Yes, we suffer for our art. Ahem. Anyway, this 2020MY Sport tech was every bit as edifying and wonderful as the last 184hp RF we drove. Like any 2.0-litre MX-5, it has a front strut brace, the limited-slip differential on the rear axle and a set of Bilstein dampers, all of which make it feel sharper and more hunkered-down than a 1.5-litre model. That wondrous, crisp, zingy, rev-happy 184hp motor also continues to delight, as it fizzes round to 7,000rpm oh-so-happily and has no trouble shifting the 1,169kg mass of the RF. You also get the excellent soundtrack and the stronger performance too, this enhanced model running 0-62mph six-tenths of a second quicker than the previous 160hp range-topper, with a 6.8-second sprint all-in.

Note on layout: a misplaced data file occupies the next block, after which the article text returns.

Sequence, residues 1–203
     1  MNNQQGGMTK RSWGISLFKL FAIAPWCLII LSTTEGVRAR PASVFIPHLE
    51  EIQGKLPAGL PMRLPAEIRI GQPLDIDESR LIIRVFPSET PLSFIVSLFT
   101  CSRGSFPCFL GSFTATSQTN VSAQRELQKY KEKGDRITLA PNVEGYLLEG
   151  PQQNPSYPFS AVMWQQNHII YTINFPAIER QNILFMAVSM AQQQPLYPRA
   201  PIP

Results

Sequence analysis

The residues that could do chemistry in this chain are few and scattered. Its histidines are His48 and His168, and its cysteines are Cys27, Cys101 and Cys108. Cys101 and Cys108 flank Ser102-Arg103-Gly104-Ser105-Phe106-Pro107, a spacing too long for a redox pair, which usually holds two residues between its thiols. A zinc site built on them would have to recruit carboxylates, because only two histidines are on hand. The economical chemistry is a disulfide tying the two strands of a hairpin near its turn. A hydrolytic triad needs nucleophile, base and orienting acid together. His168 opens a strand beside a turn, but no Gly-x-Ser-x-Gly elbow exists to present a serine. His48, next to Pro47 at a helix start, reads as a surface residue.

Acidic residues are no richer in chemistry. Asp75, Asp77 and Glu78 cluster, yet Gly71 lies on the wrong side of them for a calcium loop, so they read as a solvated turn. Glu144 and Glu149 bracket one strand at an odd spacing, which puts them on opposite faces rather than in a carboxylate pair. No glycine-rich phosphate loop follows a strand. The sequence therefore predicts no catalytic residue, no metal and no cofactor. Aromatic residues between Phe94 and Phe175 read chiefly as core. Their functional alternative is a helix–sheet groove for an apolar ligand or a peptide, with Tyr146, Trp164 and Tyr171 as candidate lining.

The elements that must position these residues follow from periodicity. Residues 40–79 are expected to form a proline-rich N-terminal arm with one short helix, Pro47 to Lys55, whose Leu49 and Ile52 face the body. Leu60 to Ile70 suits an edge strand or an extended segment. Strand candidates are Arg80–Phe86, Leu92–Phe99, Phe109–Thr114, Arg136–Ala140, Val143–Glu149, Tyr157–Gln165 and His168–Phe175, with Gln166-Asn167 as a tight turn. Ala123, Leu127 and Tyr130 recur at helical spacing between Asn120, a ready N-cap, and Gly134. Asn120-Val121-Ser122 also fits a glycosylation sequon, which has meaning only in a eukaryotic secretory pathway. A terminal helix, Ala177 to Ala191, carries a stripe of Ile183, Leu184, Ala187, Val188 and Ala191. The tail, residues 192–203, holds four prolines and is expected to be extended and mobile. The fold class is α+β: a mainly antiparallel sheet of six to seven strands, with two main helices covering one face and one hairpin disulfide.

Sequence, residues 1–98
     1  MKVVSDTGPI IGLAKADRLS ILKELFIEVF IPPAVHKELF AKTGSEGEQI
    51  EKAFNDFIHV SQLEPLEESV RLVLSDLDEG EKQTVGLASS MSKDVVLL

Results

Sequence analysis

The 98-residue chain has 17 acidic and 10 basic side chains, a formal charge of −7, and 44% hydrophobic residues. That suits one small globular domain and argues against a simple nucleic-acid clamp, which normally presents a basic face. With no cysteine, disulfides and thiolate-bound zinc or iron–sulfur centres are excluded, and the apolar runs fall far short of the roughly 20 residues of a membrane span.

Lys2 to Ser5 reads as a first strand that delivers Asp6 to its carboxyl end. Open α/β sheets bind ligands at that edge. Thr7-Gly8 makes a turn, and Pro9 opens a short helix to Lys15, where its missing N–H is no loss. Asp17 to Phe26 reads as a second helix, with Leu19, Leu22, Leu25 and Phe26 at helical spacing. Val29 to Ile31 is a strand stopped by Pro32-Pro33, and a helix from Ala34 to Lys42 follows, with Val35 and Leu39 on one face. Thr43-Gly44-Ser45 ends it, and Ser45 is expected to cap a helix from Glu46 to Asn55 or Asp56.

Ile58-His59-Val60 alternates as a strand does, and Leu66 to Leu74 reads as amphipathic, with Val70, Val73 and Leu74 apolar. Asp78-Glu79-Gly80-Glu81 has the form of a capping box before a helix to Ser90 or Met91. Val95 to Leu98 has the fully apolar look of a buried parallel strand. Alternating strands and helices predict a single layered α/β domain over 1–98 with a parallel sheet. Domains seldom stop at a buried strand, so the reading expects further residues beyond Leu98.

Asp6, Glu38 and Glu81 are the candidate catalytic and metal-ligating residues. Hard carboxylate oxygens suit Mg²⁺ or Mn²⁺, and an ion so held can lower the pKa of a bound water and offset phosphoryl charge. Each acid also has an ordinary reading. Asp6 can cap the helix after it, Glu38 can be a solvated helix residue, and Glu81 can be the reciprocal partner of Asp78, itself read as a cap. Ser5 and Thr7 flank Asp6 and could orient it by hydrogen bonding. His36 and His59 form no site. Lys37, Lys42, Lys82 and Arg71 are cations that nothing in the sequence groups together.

But speed and power aren't the MX-5's forte; rather, it's the sublime chassis balance and the spectacular ease-of-use that the Mazda brings to the sports car party. Show the 2020MY MX-5 RF the right road, and it will thrill and delight you as the driver in equal measure, with just enough suppleness in the suspension to let it breathe with lumpen surfaces, without it ever feeling too soft and wallowy in the process. Also, never forget the Mazda has one of the best manual gearbox shift actions in the business - it's an absolute jewel of a thing that positively invites you to make multiple needless changes, simply to revel in its positive, mechanical feel. And yet, on a motorway or steady dual-carriageway cruise, the MX-5 RF feels every inch the mini-GT. It can lope along quite happily and comfortably in such circumstances, and it even returned a quite astonishing 49.9mpg best economy figure with us - while 33.3mpg across 190 miles of testing is more than commendable for a nat-asp 2.0-litre that was, um, being enjoyed on a frequent basis.